US President Donald Trump has floated naming lawyer Sidney Powell, who was booted from his campaign's legal team after pushing unfounded conspiracy theories, as a special counsel investigating allegations of voter fraud.
Last month the Trump legal team effectively dumped Powell in a statement that said she was "not a member of the legal team" and instead "practising law on her own". Powell had earlier appeared at a number of news conferences with the rest of Trump's legal team and Trump himself earlier cited Powell as spearheading the "legal effort".
Trump proposed appointing Powell special counsel during a Friday meeting at the White House, which went as far as discussing getting Powell security clearance, according to two people familiar with the meeting.
It is unclear whether Trump intends to move forward with the effort. Under federal law, the US attorney general, not the president, is responsible for appointing special counsels.
And numerous Republicans, from outgoing Attorney General William Barr to governors and state election officials, have said again and again that there is no evidence of the kind of mass voter fraud Trump has been alleging since he lost the November 3 election to Democrat Joe Biden.
That Trump is even entertaining the idea of installing Powell underscores the increasingly desperate steps he has been weighing as he tries to reverse the results of the election and remain in power. Trump's chief of staff Mark Meadows and White House counsel Pat Cipollone voiced their objections to the proposal.
Powell's role in the President's legal team ended after she made a series of outlandish claims of election fraud, including an assertion that election software was created in Venezuela "at the direction of Hugo Chavez" — the Venezuelan president who died in 2013.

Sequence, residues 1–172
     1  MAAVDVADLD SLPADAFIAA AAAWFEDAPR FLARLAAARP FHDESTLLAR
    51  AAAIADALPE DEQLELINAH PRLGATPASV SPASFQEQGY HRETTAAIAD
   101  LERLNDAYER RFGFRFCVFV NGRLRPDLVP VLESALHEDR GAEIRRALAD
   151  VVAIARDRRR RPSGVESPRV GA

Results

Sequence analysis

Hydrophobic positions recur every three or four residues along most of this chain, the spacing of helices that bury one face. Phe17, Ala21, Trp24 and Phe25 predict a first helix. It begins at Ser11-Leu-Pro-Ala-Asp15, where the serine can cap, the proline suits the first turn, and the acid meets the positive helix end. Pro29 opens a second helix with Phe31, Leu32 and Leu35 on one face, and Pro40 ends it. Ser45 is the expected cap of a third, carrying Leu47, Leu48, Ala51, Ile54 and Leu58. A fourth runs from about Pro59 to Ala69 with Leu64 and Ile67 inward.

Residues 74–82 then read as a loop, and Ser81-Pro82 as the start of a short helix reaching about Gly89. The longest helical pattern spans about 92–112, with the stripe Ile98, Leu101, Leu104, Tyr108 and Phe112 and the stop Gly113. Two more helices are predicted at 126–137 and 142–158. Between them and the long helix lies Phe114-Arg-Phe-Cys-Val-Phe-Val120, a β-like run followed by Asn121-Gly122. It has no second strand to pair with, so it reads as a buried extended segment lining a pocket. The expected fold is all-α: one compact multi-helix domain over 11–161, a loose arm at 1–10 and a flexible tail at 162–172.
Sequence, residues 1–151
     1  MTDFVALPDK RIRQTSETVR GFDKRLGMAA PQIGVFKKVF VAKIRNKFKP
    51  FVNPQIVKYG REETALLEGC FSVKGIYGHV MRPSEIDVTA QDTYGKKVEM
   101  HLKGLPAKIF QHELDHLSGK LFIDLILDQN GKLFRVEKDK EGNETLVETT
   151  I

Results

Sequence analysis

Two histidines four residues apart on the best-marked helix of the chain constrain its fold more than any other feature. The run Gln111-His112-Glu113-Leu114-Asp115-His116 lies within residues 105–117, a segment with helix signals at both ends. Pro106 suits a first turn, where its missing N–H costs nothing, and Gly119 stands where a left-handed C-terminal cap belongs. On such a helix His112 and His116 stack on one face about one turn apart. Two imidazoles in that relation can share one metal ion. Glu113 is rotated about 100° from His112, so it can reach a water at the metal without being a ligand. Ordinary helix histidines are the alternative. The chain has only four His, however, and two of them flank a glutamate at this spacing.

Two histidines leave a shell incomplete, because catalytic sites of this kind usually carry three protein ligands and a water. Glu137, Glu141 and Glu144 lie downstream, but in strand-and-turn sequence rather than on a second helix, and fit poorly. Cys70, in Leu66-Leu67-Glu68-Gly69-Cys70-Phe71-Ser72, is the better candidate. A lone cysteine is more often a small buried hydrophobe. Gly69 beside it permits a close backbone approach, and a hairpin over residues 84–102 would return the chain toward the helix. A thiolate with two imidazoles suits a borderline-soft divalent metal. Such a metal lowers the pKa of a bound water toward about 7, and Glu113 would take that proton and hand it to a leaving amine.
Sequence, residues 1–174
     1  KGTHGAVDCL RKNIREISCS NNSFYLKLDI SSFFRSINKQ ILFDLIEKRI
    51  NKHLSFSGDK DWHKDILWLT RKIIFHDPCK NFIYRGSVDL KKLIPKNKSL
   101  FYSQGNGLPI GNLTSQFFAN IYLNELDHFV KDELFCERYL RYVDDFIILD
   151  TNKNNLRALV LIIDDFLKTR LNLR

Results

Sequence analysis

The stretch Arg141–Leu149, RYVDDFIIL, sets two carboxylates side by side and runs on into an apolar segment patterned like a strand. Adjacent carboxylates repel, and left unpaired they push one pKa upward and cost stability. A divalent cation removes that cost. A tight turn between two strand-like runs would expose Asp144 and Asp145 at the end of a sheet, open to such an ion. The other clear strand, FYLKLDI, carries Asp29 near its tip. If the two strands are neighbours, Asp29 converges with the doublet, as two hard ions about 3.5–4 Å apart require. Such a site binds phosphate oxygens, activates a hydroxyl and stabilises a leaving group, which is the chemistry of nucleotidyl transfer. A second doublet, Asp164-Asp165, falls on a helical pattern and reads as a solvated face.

In interviews and appearances, Powell continued to make misleading statements about the voting process, unfurled unsupported and complex conspiracy theories involving communist regimes and vowed to "blow up" Georgia with a "biblical" court filing.
Trump has increasingly entertained conspiracy theories and outlandish ways to stay in office, egged on by allies like former national security adviser Michael Flynn and former New York Mayor Rudy Giuliani, the president's personal attorney.
Indeed, at the meeting, Giuliani pushed Trump to seize voting machines, which the Department of Homeland Security made clear it had no authority to do. It is also unclear what that would accomplish, given that the Departments of Justice and Homeland Security have both looked into the issue. Paper ballots are also retained under federal law.
Flynn, whom Trump recently pardoned for lying to the FBI, went even further, discussing the idea of imposing martial law and using the military to re-run the election.
"Within the swing states, if he wanted to, [Trump] could take military capabilities, and he could place those in states and basically rerun an election in each of those states," Flynn said.
Bill Banks, a professor at Syracuse University who specialises in constitutional and national security law, dismissed Flynn's proposal as "preposterous".
"Apart from the fact that state and now federal investigators have found no evidence of election fraud that would change the election outcome, martial law has no place in the United States absent a complete breakdown of civil governing mechanisms," Banks told Military Times.
Since parting ways with the campaign, Powell has continued to file litigation on Trump's behalf, teaming up with conservative attorney L Lin Wood in Georgia.
Powell and the White House did not respond to requests for comment.